“I’m shortly due on stage, so I will have to say good night to you now and prepare for my next entrance,” he told me. We shook hands and I went through the door, my heart pounding. The lady was by the stage door. She opened it and said, “Good night!” I went off into the night.

The ticket had “COMPLIMENT” rubber-stamped across it in red. I went to see the show and when I took my place in the auditorium I found I was in the middle of a number of people who were the notables of the town of Derby, including the Mayor. Well, I sat there and looked at the programme. Suddenly there was some music, I have an idea that it was recorded music, and the curtain opened. I sat entranced throughout that show.

When the show was over I left my seat and walked out with the rest of the audience and went into the night. “I must remember my manners and thank Mr. Lugosi,” I thought as I came down the steps. I shot around the corner, went to the stage door and knocked on it. A gentleman opened the door to me. I explained that Mr. Lugosi had given me a ticket to go to see the show and would appreciate, realising Mr. Lugosi is busy, if you would pass a message on for me that ”Derek enjoyed the show very much and thank him for his kindness. Tell him that I will never forget him.” I thanked him and came away.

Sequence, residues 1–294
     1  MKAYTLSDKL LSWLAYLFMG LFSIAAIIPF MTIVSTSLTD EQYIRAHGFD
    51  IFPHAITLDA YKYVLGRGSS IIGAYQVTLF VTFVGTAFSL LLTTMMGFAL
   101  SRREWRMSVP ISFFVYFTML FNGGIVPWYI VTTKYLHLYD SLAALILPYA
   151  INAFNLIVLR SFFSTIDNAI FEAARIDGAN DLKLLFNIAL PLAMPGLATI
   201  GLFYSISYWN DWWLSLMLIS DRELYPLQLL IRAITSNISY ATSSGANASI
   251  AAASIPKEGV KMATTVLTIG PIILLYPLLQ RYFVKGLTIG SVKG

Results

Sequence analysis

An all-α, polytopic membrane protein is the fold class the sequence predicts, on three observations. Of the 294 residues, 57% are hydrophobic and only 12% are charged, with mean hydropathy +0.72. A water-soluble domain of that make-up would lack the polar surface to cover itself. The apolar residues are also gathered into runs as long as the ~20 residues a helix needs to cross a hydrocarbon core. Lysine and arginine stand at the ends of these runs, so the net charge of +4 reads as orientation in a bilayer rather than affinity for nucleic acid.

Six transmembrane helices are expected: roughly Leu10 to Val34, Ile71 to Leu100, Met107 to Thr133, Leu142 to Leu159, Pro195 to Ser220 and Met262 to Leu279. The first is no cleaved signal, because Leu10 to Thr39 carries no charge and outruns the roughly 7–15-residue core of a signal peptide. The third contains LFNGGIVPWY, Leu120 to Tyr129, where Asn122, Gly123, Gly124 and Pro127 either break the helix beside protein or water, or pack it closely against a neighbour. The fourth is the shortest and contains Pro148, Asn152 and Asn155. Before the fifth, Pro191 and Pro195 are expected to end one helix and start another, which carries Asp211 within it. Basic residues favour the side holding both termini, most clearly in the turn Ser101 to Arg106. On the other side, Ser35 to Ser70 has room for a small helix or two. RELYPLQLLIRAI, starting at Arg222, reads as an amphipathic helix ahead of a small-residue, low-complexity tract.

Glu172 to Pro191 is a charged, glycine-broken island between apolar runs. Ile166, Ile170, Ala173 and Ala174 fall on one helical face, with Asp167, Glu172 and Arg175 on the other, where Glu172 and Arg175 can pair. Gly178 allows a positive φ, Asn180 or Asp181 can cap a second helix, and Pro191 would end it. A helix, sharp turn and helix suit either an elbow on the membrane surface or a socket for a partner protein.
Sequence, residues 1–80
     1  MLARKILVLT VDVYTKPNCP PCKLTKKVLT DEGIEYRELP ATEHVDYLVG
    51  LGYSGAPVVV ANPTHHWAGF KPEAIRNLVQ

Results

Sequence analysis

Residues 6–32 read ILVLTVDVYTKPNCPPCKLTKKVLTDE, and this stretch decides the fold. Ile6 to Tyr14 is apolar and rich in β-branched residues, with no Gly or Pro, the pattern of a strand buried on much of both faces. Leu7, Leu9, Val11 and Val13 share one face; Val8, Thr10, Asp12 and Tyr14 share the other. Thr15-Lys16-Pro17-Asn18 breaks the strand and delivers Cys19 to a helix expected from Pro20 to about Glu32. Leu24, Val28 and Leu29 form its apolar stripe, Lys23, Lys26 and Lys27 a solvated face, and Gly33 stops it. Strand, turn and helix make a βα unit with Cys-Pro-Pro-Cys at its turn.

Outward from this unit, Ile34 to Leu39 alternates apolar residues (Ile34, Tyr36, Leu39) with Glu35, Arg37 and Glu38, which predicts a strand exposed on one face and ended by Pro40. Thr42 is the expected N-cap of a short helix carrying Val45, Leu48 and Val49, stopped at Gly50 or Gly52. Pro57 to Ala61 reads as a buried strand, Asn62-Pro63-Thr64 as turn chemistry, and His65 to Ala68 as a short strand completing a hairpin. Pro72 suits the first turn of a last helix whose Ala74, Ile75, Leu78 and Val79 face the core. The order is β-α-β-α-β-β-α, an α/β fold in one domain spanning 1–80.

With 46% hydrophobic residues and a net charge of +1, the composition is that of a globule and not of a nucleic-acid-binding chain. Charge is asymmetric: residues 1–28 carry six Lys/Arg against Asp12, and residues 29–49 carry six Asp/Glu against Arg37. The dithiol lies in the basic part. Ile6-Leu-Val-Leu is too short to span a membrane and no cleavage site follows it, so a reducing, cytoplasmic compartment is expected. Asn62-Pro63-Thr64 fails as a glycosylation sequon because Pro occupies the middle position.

Bela Lugosi was one of the kindest people I have ever met. He took time to see me and talk to me. He was the only one of all the people whose autographs I had sought who really took trouble to speak to me. I kept my promise, I never forgot him. He was a gentleman, a very quietly spoken gentleman – that is the only way I can describe him. I was so sorry when I heard of his tragic death. I hope that in spirit he has found relief and happiness.

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Related pages and articles